Agents and portals - the differing approach of UK to NZ
The real estate industry is universal, and in principle operates under a similar business model of commission based services in many countries of the world. The migration from print to online is well developed in most countries and therefore it is always interesting in my mind to explore the different approaches to marketing property from country to country.
I was recently in the UK, visiting relatives in Scotland when my eye was caught by this “For Sale” sign outside a property in Edinburgh.
As a backgrounder, the UK model of real estate is somewhat different to NZ with real estate agents largely salaried off a lower commission of around 1.5%. For this the role of the agent is more as a facilitator of the contact and managing the listing. Most properties are sold by negotiation. In Scotland the model is more unusual with a lack of real estate agents as independent entities. All properties in Scotland are sold through solicitors who operate real estate services within their company and therefore provide what amounts to an end-to-end service including conveyancing.
The property I was looking at in Edinburgh was being marketed by McEwan Fraser Legal. The marketing of the property through the exterior sign board was what captured my interest.
The most conspicuous aspect of the sign was the lack of smiling face of an agent. The property is being sold by a company, not an agent - a specialist real estate team as part of the legal company ready to take your call up to midnight on weeknights!. The prospective buyer will enquire of the company rather than calling a specific agent.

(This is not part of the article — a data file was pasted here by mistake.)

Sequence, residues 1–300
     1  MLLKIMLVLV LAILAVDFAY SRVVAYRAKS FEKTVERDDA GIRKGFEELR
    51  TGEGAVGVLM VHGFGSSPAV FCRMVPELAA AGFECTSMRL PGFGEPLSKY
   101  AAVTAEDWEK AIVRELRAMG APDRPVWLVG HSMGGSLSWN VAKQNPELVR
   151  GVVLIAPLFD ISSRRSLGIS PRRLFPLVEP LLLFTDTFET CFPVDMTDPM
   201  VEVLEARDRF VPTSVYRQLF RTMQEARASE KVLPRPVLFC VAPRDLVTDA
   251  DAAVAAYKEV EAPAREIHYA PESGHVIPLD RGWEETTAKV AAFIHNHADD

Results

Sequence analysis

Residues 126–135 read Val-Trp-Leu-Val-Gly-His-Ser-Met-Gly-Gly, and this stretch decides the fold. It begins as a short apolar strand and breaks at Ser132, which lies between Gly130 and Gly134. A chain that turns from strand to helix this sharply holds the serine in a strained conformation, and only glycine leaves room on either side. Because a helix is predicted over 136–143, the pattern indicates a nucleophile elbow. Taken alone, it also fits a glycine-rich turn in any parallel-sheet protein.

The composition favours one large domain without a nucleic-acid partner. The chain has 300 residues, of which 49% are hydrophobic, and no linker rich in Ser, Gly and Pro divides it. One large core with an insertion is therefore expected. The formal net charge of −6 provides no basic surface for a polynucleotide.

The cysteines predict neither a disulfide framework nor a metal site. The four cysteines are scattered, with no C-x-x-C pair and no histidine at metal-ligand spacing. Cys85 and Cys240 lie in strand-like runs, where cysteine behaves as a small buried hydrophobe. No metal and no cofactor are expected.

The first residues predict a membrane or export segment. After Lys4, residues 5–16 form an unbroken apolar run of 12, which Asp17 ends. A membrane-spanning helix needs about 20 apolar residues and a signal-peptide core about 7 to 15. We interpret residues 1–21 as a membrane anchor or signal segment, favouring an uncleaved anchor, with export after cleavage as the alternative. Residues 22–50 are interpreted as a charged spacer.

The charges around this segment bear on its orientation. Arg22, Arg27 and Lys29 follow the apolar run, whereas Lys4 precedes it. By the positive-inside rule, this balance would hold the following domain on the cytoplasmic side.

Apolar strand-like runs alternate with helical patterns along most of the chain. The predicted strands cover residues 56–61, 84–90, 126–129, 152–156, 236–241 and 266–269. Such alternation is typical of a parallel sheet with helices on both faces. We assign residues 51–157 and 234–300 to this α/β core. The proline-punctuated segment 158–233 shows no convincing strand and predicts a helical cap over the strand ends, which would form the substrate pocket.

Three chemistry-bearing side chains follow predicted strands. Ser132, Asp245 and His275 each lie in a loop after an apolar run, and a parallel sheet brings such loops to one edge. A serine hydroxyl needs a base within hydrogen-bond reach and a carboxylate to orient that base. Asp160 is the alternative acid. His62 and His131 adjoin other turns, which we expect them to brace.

The other aspect that caused me to pause and capture this picture was the brand references to the main real estate websites on which the property is being marketed. The UK has a dominant player in this space - Rightmove; a significant competitor in Zoopla and also the Scottish market has a regional portal S1Homes.
The selling company has a website on which the property is featured but the pragmatic approach by them is to highlight that this property is being featured on the major UK property portals and a specialist Scottish portal - a clear demonstration to the interested buyers that the property can be found and examined exactly where they expect to find them. This makes total sense, buyers are used to the functionality of these dominant portals - why encourage them to a company website that they may not have used?
I ask that question rhetorically - NZ real estate has always seemed reluctant to advertise any other website on street signs other than their own; this despite the fact that the consumer has little interest in checking out the details of a property on the agents site, when the details will be on Trade Me or Realestate.co.nz - sites that the consumer knows well and is aligned to the functionality and established process for storing favourites.
I find in retrospect this example in the UK even more bizarre when you consider that in the UK the real estate industry is seeking to start an industry owned portal - Agents Mutual as a consequence of what they see as excessive fees and profits made by the leading portals of RIghtmove and Zoopla.
In New Zealand agents own a portal, Realestate.co.nz, yet they have never, despite the competitive pressure from Trade Me Property taken the decision individually or collectively to act to support this industry owned portal by advertising the brand on their “For Sale” signage or print advertising. The best they seem to be able to do is a discrete reference in the print media of 'contributor to realestate.co.nz’ - hardly a glowing endorsement. Such a missed opportunity!